X.        Back and Front Pay, and Reinstatement

A.        Ending Date: Salitros v. Chrysler Corp. , 306 F.3d 562, 570, 13 AD Cases 1057 (8th Cir. 2002)

(affirmed judgment for ADA retaliation plaintiff for $445,516 in front pay, “representing seven years worth of wages and benefits, up to September 8, 2007, Salitros’s anticipated retirement date,” because defendant responsible for plaintiff’s inability to work); Fine v. Ryan International Airlines, 305 F.3d 746, 756, 89 FEP Cases 1543 (7th Cir. 2002) (stipulation that plaintiff’s damages ended as of a specific pre-judgment date barred reinstatement).

B.        Application of Hoffman Plastics to Pay for Work Performed: Some courts have held that

Hoffman Plastics does not affect a plaintiff’s right under FLSA or State wage and hour law to obtain back pay or overtime compensation for work actually performed, and/or have for this reason barred discovery into the plaintiff’s immigration status. Flores v. Amigon, 233 F. Supp. 2d 462, 463–65 (E.D. N.Y. 2002); Zeng Liu v. Donna Karan Int’l, Inc., 207 F.Supp.2d 191, 192–93 (S.D. N.Y. 2002); Singh v. Jutla & C.D. & R’s Oil, Inc., 214 F. Supp. 2d 1056, 8 WH Cases 2d 165 (N.D. Calif. 2002).

XI.        Compensatory and Punitive Damages

A.        Adequacy of Evidence to Support Large Compensatory Damage Award: Gagliardo v. Connaught

Laboratories, Inc. , 311 F.3d 565, 570–71, 13 AD Cases 1345 (3rd Cir. 2002), affirmed the judgment on a jury verdict for the ADA and Pennsylvania-law plaintiff in the amount of $450,000 in economic damages, and $1.55 million in compensatory damages for emotional distress. “Gagliardo produced evidence from her co-workers and family demonstrating the effects her problems with CLI had on her life. This testimony tied Gagliardo’s pain and suffering to her early employment problems after she was diagnosed with MS and detailed their subsequent worsening effect on her life. The testimony demonstrated the effects of the mental trauma, transforming Gagliardo from a happy and confident person to one who was withdrawn and indecisive.”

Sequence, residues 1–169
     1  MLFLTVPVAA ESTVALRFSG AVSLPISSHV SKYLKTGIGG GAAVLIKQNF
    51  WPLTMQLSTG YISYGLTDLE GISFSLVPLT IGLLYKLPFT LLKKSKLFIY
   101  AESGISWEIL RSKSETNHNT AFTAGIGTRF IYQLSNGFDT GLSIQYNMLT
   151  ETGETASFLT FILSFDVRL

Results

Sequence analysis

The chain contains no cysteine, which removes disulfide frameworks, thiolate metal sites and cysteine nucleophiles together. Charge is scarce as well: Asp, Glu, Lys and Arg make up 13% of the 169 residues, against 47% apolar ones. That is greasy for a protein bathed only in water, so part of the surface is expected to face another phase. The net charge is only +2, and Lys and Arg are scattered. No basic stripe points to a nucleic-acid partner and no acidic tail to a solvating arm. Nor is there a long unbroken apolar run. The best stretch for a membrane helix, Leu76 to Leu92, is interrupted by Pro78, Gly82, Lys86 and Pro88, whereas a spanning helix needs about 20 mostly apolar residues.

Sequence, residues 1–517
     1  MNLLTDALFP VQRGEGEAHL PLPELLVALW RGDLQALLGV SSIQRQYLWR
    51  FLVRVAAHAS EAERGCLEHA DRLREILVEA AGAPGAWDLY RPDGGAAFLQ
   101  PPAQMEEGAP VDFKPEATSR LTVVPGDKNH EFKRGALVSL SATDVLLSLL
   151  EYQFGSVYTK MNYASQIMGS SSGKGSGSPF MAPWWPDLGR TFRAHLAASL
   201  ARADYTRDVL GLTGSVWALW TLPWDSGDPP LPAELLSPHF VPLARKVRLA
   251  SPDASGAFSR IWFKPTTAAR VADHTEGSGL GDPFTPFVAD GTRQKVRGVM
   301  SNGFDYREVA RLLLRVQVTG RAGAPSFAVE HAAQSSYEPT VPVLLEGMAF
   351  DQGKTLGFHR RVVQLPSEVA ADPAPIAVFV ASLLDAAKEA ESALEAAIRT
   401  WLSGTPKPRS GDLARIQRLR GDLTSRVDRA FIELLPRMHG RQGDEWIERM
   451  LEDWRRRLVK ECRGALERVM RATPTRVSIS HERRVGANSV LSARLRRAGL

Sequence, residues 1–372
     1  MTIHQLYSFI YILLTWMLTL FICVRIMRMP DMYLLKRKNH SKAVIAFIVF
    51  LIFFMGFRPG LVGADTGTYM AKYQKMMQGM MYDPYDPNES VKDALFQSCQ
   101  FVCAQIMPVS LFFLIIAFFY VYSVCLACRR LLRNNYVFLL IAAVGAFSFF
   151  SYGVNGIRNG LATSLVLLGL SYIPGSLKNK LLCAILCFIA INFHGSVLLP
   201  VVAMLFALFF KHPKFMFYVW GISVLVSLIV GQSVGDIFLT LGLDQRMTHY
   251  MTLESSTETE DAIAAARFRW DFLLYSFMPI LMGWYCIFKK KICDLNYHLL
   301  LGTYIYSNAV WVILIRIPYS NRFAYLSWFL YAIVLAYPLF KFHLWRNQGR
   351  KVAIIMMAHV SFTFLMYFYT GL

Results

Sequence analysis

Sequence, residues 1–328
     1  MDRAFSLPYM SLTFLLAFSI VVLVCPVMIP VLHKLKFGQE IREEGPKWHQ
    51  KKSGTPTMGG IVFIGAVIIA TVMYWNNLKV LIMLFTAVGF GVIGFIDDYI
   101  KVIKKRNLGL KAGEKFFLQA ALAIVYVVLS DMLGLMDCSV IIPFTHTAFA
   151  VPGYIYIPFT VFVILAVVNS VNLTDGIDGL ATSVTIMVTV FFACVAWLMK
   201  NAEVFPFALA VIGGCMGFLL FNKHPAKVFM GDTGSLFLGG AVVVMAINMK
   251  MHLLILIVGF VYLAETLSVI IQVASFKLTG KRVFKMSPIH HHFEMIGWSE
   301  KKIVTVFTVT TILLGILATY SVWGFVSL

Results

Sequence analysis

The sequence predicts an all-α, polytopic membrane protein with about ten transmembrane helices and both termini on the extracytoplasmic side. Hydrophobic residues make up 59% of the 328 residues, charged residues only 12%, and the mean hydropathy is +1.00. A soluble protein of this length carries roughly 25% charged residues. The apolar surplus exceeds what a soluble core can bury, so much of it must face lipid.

B.        Proof of Real Injury as Condition of Punitive Damages:Corti v. Storage Technology Corp., 304

F.3d 336, 341–43, 89 FEP Cases 1477 (4th Cir. 2002) (award of back pay adequately shows actual injury, supporting award); Timm v. Progressive Steel Treating, Inc., 137 F.3d 1008, 1010 (7th Cir. 1998) (monetary award not essential for award of punitive damages under Civil Rights Act); Cush-Crawford v. Adchem Corp., 271 F.3d 352, 357 (2d Cir. 2001) (same); Salitros v. Chrysler Corp. , 306 F.3d 562, 569, 13 AD Cases 1057 (8th Cir. 2002) (front pay shows actual injury and supports punitive award).

C.        Conduct Justifying Punitive Award:Fine v. Ryan International Airlines, 305 F.3d 746, 755, 89 FEP

Cases 1543 (7th Cir. 2002) (cover-up by proffering pretextual explanation); Juarez v. ACS Government Solutions Group, Inc., 314 F.3d 1243, 90 FEP Cases 1104 (10th Cir. 2003) (cover-up by knowingly proffering false explanation); Gagliardo v. Connaught Laboratories, Inc. , 311 F.3d 565, 570–71, 13 AD Cases 1345 (3rd Cir. 2002) (repeated refusal to provide reasonable ADA accommodation, with negative effects on plaintiff); Salitros v. Chrysler Corp., 306 F.3d 562, 569, 13 AD Cases 1057 (8th Cir. 2002) (supervisor’s announcement he was going to teach plaintiff a lesson while inventing a new work rule).

D.        Good-Faith Defense:Hatley v. Hilton Hotels Corp., 308 F.3d 473, 477, 89 FEP Cases 1861 (5th

Cir. 2002) (good-faith policy protected defendant from malicious or reckless actions of its agent).

E       . Amount:Fine v. Ryan International Airlines, 305 F.3d 746, 755–56, 89 FEP Cases 1543 (7th Cir.

2002) (affirmed capped $300,000 judgment for compensatory and punitive damages, reduced from jury award of $6,000 in compensatory damages and $3.5 million in punitive damages, where “Ryan, having recently informed its female pilots to put complaints of sexual harassment and discrimination in writing, terminated Fine within 24 hours of its receipt of her complaint on these subjects precisely because she had written the letter,” and where “its general counsel and the president of the company both concurred in the decision.”); Juarez v. ACS Government Solutions Group, Inc., 314 F.3d 1243, 90 FEP Cases 1104 (10th Cir. 2003) (affirmed $22,500 in back pay and $250,000 in punitive damages for racial and national origin discrimination in a RIF); Gagliardo v. Connaught Laboratories, Inc., 311 F.3d 565, 570–71, 13 AD Cases 1345 (3rd Cir. 2002) (affirmed allocation of all punitive damages to the ADA claim, its reduction to $300,000, and allocation of all $450,000 in economic damages, and all $1.55 million in compensatory damages for emotional distress, to the State-law claim).